Student Spotlight Interview: Robert Patrick Jameson
by Chloe‘ Skye

Robert Patrick Jameson is a Fulbright student with affiliation to Charles University. He is, in his own words, re-examining the history of the personal computer behind the Iron Curtain, specifically Czechoslovakia from circa 1975 to 1997. In our interview, he discusses how computers were popularized, adopted and used (particularly during the 1980s) and how they influenced the transformation of the Czech economy, as well as his deep dive into socialist-era tech magazines! 

Fast Facts: 
Hometown: St. Paul, Minnesota
Age: 29
College, Major/Minor: M.A. History, Iowa State University. Currently enrolled in History Ph.D program at the University of Kansas, with a major field in Russia and East Europe and minor fields in Urban History and History of Technology.
School in the Czech Republic: Charles University Faculty of Social Sciences 
Favorite Czech Phrase: Strč prst skrz krk – a tongue twister that means ‚Stick a finger through your neck‘
Favorite Czech Food: Vepřo knedlo zelo (pork, cabbage and dumplings)
Favorite Quote: 
“The purpose of morality is to teach you, not to suffer and die, but to enjoy yourself and live.” - Ayn Rand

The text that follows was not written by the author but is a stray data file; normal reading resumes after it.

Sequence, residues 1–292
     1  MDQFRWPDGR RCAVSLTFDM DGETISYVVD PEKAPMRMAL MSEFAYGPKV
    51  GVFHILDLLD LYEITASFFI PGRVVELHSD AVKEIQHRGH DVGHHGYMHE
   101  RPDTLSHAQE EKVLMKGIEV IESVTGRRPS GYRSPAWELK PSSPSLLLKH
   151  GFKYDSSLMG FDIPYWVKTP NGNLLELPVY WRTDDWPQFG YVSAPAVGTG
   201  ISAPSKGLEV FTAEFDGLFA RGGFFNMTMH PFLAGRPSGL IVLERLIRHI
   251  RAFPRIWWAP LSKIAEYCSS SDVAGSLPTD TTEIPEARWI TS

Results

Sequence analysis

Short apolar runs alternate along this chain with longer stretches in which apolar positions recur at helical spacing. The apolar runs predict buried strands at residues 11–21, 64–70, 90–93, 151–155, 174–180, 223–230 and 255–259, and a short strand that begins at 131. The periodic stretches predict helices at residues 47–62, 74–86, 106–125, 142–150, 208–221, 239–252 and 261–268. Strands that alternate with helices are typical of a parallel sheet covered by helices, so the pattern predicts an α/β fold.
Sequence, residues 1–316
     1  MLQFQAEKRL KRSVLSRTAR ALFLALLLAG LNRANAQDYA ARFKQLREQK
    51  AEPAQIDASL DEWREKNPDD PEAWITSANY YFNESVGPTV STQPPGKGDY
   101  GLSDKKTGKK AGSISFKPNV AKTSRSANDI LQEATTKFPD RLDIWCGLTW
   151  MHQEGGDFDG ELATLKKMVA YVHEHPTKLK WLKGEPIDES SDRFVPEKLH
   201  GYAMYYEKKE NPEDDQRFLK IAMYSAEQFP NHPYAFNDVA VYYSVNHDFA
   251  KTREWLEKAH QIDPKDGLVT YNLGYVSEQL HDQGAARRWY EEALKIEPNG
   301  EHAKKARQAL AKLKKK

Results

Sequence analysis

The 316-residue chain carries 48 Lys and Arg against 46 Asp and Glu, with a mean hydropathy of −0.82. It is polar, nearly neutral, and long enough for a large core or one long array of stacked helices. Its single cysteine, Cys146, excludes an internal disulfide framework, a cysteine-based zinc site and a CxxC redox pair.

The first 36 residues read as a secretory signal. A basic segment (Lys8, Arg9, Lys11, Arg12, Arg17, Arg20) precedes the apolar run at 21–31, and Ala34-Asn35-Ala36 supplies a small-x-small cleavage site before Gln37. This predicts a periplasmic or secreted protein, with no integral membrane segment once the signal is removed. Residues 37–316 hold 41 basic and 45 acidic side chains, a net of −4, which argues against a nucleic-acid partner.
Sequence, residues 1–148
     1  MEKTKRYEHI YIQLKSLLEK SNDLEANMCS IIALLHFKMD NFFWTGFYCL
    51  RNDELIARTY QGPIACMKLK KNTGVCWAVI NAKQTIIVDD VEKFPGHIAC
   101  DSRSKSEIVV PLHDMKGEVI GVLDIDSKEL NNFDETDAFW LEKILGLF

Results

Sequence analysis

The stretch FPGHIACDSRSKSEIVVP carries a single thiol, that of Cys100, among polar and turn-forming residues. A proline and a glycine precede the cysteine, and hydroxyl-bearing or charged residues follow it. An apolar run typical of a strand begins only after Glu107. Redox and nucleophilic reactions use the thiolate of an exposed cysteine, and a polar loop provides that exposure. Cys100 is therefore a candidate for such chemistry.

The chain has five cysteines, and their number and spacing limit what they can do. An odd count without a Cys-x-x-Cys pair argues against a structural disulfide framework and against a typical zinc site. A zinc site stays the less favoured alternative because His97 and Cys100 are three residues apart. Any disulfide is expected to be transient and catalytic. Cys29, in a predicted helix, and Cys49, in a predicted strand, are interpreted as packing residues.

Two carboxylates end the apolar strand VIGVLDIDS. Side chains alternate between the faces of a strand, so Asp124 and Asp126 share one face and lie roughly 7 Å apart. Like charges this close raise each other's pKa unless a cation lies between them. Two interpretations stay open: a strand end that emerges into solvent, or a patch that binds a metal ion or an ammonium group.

Describe your research for me.
I'm re-examining the history of the personal computer behind the Iron Curtain, looking at the case of Czechoslovakia from circa 1975 to 1997. The common view among historians of technology is that socialist countries like CZSK inevitably failed to successfully adopt personal computers for ideological reasons (control of free speech, bureaucracy) and reasons related to the inefficiencies of centrally planned economies. I acknowledge that those were important factors, but I look at other reasons as well: a cultural orientation to Western technology, the USSR as a monopsonistic market for CMEA computers, endemic poverty, language barriers, and the lack of a public constituency for computers in CZSK. 

I also examine how computers were popularized, adopted and used (including computer skills) in late socialism, especially the 1980s, and how that created a core of knowledgeable users that drove the Czech economy's transformation into an information and service economy over the last three decades. Day-to-day, my work consists of reading through and copying sources from the popular and professional technical press, like Sdělovací Technika and Věda a Technika Mladeži, and oral interviews with Czechs and Slovaks involved in the computing scene in the '70s, '80s and early '90s - computer scientists, programmers, repair technicians, youth club leaders, physicists, and so forth. 

What makes the Czech(oslovak) situation unique?